In tandem with pace, I looked at my average heart rate. As with pace, this represents a number with the high and low thrown out. What did I see when I reviewed it? I found my heart rate was slowly going up. Not a lot. The highest average heart rate we see above is in February at 144. The lowest, excluding October, is 140. In addition, we seem to have a correlation between the rising heart rate and the falling pace. This one alarmed me. Because if my pace was dropping only because my heart rate was climbing, it means that I’m not really making much progress, only running a little faster without having improved my aerobic capability. Which could lead me to conclude that the method failed.

This is not what I wanted to hear.

It turns out that March, despite what a crappy running month it was (see above that I only got outside six times), my heart rate dropped back down to 142, as it was in January, and my pace between January’s adjusted average and March’s adjusted average dropped 9 seconds, from 11:41 to 11:33. This restored some hope I had that I might actually be improving.

So, assuming I am improving and not just running faster while elevating my heart rate, and if we throw out the skewed data from October, we can see that I improved by 48 seconds, from November’s average pace of 12:21 to March’s pace of 11:33. Over a five month time period, that’s a 9.6 second improvement per month.

But does that mean anything? Let’s put it in some perspective.

If I keep up this slow-run method of training, gaining (for the sake of argument, let’s round down) 9 seconds average per month, then in another two and a half years, the equivalent of thirty more months, I could knock 270 seconds off my average pace. That’s a 4 1/2 minute decrease. That would bring my pace down to 7:03 per mile. With a heart rate remaining in the 142 range. That’s frickin enormous!

Now, let’s add some reality to this. I’m not likely to decrease my pace by 9 seconds every month. There will be off months, there will be setbacks, there will be plateaus. I’m fighting with my foot again, which could be hugely problematic later in those two and a half years. In other words, shit happens. But let’s say that, on average, my pace only decrease by 5 seconds per month. That’s 150 second improvement, or 2 1/2 minutes, which would bring my pace down to 9:03 per mile while keeping my heart rate in that target zone. This is big stuff.

That’s my overall data analysis. But I’m not quite done here yet.

Let me take a step back for a moment from all of this data. I think I’ve sprained my math ligament anyway. I need to hobble to a chair to sit down. What I haven’t done yet is talk in the broad sense of how I feel. I’ll cover that now in two areas: injury and fuel.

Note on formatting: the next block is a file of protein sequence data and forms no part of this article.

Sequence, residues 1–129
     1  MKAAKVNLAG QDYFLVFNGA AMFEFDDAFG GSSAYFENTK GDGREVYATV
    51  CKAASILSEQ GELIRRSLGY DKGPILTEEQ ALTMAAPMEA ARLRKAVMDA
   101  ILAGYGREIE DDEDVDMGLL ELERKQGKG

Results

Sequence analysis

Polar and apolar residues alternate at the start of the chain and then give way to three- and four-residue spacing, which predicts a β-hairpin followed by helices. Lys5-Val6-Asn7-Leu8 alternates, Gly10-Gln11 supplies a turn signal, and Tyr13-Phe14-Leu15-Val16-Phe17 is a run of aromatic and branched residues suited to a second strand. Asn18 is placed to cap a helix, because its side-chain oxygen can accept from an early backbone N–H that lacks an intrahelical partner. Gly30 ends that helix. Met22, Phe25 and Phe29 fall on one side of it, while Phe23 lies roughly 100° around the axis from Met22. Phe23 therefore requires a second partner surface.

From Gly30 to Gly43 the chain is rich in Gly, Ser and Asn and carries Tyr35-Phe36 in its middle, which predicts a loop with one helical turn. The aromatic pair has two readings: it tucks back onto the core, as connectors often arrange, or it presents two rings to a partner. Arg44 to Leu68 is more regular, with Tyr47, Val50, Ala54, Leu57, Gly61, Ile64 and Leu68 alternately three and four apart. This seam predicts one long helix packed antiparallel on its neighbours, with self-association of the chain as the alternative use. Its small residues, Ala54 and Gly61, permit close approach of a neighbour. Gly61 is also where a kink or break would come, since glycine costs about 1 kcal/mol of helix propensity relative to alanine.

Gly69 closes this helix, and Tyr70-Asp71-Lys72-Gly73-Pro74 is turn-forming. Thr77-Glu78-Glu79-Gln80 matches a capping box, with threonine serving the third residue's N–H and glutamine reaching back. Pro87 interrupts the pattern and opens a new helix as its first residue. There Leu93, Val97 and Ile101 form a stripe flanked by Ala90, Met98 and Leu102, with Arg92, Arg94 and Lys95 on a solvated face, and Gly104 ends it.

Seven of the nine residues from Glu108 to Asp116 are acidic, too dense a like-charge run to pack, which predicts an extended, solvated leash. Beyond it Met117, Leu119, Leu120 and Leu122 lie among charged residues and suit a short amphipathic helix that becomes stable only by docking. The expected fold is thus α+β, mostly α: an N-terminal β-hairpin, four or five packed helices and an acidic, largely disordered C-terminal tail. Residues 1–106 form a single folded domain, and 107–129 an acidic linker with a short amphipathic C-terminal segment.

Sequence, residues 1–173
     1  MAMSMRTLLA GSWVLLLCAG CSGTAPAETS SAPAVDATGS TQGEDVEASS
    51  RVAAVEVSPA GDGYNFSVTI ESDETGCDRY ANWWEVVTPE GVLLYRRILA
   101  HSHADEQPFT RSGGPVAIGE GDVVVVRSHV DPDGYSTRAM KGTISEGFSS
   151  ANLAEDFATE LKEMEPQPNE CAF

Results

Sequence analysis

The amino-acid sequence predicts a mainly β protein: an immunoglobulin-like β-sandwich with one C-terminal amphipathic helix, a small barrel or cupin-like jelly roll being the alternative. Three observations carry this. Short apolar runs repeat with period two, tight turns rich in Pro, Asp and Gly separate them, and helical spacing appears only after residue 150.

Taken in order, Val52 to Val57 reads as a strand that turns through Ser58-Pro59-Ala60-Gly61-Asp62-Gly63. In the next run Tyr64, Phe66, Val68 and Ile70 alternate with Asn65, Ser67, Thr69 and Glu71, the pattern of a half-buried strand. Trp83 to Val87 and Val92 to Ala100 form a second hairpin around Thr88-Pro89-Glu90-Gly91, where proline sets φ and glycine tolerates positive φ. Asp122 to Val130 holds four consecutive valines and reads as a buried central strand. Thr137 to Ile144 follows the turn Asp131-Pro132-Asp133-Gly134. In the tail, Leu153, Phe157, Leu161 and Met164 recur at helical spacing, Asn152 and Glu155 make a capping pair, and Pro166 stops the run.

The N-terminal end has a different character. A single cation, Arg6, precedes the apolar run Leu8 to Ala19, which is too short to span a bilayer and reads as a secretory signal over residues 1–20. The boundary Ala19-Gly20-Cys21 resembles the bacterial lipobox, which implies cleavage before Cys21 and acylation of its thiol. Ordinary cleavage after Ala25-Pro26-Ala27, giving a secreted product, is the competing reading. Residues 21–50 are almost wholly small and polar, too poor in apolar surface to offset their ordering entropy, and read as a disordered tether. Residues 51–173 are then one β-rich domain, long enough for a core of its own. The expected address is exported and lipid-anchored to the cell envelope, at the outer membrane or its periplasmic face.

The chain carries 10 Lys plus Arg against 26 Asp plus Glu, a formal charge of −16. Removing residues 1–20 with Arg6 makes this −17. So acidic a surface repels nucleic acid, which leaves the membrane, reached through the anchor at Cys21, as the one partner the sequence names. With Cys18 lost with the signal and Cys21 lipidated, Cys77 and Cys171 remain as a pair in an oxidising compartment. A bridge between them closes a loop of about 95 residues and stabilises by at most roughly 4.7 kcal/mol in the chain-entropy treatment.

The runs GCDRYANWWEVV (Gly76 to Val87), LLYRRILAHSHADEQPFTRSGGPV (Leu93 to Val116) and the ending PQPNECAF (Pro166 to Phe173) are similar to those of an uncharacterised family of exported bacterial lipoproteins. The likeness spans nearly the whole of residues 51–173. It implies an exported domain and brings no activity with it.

The first is injury. How this whole Maffetone Method business got started was that I was developing a pain in my heel and went to the chiropractor to seek help, where I discovered Maffetone’s older book on endurance training. Truth be told though, it wasn’t just my heel, it was also one of my knees getting sore and a tugging going down my hip. The heel was just the biggest problem in the way.

I received treatment in the form of chiropractic care, and my legs and feet started to feel better. I also bought a new pair of shoes that are more minimalist running shoes than I had before. I bought those in early December. Here we are four months later. How do I feel?

The answer is qualified. I feel mostly pretty good. For the first three months or so, my foot felt fine. Only now, within the last few weeks, have I begun to feel the dreaded pain in the bottom of my foot. It could be that I need new shoes again. It’s been four months and about 150 miles on them. It might be time to replace them. I’m not ready to make that call just yet, I’m hoping to get more out of the ones I have, but I might not be able to do it. Especially now that winter appears to be over. With the arrival of Spring and the increase in light, I know I’ll want to go out, if not more often, than at least longer when I do go out.

But the rest of my body feels fine. My legs are good, my knees are not sore, I don’t feel any tugging anywhere. So for the injury side of things, slow running has helped keep me running while keeping me from being injured.

The second item is fuel. What I mean by that is how often I’ve “bonked” when running. When I was running last summer, I would always have at least a gel for a 6 or 7 miler along with a small running bottle filled with vitamin water. For longer runs I’d take a full set of the Clif Blocks.

I’ve run up to eight miles twice since using the Maffetone Method, with the average runs increasing to where I’m doing 5 miles for a regular run.

I have not “bonked” once. Not even shaky. For me, this is one of the most telling things about the Maffetone Method. Since I’m not “bonking”, I don’t appear to be relying on whatever glucose I have in my system. I should therefore be burning fat for fuel. (If only I were eating better, I might be losing the winter weight faster…)

So that’s where I am after six months. I’ll keep posting a month by month review of the immediately preceding month, and at the end of September, expect to see my running year in review.